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The Daily Tar Heel

UNC's Julius Peppers named to College Football Hall of Fame ballot

A North Carolina football great may soon be honored for his achievements, now that his storied career has wound to a close.

In 2020, Julius Peppers, arguably the best defensive end to ever suit up for UNC, will appear for the first time on the ballot for the College Football Hall of Fame.

College Football Hall of Fame rules specify that players become eligible to appear on the ballot once their college career has been over for ten or more years and they are no longer playing at the professional level. Peppers left UNC in 2002 and announced his retirement from the NFL in February after a 17-year career, so 2020 marks his first year of eligibility.

Peppers amassed spectacular numbers at UNC between 1998 and 2001, accumulating 30.5 sacks (the second-most in school history), 167 tackles, five interceptions, five forced fumbles and three defensive touchdowns. In 2000, he also came one sack shy of tying Lawrence Taylor’s single season school record of 16.0.

In 2001, Peppers won the Lombardi Award for the best lineman in college football, the Chuck Bednarik Award for the best defensive player and was a first-team all-American selection.

If selected for induction, Peppers would join six other Tar Heels in the College Football Hall of Fame, including head coach Mack Brown, who was inducted in 2018.

"Julius Peppers is one of the greatest players to ever play the game of football at both the professional and collegiate level,” Brown said in a statement. “When he's eventually inducted, and I believe he will be, he'll be an extremely deserving addition to this prestigious list of all-time great college football players.”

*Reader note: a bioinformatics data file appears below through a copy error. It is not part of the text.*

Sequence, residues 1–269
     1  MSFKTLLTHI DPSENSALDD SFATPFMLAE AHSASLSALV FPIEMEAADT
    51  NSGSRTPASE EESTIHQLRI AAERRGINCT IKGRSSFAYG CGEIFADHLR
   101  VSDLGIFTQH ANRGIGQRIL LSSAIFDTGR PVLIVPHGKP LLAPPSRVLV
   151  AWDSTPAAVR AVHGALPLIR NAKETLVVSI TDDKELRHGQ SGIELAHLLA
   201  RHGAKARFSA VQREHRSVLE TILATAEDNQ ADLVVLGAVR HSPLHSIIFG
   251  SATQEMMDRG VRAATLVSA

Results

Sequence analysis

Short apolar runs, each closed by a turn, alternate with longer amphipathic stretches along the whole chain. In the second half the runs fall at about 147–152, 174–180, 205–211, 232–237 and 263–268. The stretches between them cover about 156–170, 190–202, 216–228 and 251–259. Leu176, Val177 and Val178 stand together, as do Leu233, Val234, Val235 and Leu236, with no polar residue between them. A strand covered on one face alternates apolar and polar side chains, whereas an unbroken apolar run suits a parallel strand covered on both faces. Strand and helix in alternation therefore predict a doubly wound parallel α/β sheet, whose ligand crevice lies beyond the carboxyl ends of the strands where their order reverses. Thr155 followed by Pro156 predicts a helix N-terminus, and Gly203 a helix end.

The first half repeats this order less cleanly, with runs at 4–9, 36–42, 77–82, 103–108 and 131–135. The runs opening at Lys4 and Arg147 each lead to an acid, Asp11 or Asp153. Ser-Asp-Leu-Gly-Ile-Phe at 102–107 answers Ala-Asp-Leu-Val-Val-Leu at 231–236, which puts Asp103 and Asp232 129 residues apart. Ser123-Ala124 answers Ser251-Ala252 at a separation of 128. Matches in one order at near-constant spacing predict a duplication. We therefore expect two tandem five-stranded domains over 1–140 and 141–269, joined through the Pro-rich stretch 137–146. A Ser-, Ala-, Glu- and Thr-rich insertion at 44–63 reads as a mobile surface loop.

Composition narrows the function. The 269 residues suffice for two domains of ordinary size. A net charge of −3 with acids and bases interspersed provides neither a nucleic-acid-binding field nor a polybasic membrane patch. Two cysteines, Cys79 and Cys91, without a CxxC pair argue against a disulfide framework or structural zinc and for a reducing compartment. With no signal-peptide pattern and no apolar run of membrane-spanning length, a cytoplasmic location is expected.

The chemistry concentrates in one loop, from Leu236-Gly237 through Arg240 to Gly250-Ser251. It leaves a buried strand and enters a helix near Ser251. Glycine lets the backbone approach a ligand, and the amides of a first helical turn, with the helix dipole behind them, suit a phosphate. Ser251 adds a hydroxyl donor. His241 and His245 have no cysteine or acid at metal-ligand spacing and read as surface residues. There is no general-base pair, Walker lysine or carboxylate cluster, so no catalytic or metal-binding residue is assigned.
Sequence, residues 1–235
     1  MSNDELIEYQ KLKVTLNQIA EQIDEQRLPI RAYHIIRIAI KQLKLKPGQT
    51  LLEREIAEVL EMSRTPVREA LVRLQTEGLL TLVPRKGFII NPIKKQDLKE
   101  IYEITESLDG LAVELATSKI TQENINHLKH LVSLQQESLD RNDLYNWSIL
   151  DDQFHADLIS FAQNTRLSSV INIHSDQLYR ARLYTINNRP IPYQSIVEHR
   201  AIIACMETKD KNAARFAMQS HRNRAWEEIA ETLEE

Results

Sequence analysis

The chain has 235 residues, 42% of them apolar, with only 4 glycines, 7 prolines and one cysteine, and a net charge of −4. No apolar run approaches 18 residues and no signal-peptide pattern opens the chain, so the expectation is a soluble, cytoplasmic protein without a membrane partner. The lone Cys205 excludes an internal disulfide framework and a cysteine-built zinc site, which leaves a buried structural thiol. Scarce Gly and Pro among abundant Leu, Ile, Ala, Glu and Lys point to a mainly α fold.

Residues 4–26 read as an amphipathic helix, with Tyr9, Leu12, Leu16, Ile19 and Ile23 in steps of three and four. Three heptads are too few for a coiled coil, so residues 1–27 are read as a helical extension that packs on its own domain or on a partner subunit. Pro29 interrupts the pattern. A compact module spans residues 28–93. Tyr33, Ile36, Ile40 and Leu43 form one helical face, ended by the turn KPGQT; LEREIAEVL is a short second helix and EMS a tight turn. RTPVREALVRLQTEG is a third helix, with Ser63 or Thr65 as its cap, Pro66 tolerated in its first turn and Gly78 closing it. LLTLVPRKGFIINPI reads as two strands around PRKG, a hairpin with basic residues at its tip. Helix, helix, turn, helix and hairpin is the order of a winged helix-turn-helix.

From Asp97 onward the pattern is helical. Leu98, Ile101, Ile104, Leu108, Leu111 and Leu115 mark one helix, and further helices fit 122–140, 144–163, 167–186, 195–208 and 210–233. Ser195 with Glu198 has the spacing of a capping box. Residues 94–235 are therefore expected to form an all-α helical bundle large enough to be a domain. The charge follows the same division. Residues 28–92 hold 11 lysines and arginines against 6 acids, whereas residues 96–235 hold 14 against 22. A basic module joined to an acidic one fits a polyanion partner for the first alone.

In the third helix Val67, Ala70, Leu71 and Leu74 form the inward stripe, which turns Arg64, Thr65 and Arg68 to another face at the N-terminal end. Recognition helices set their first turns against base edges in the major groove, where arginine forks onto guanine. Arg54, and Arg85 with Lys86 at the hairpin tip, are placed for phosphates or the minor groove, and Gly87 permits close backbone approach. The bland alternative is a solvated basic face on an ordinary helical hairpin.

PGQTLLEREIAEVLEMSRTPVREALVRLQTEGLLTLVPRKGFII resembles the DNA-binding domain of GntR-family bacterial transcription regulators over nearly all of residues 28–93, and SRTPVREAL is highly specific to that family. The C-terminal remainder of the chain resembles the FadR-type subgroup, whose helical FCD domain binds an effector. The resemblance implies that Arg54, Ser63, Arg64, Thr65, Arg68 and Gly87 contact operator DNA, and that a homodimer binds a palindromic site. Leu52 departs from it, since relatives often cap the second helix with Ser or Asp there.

Following his success at UNC, Peppers was selected second overall in the 2002 NFL Draft by the Carolina Panthers. He had an immediate impact and was named Defensive Rookie of the Year after posting 12 sacks, five forced fumbles and a pick.

“I’m honored to have been able to have coached him,” Panthers head coach Ron Rivera told WCNC Charlotte in February, shortly after Peppers’ retirement. Rivera coached the Panthers during Peppers’ last two years with the franchise.

“He really will be one of the more iconic guys to have played for us, and we’re very fortunate to have had him on this football team,” Rivera said.

Peppers’ NFL career included a few seasons with the Chicago Bears and Green Bay Packers, but he spent the bulk of his career in Carolina, playing ten years with the Panthers. By the time he retired, Peppers had played 17 years in the NFL and had accumulated 159.5 sacks, the fourth most in league history. 

“He was a high pick and so few guys actually live up to that, and he did in every way,” New England Patriots quarterback Tom Brady said. “What an amazing player over the course of a long period of time.”

The 2020 class of inductees to the College Football Hall of Fame will include 13 players and two coaches. The class will be unveiled in January before next year’s College Football Playoff National Championship in New Orleans.


@DTHSports |

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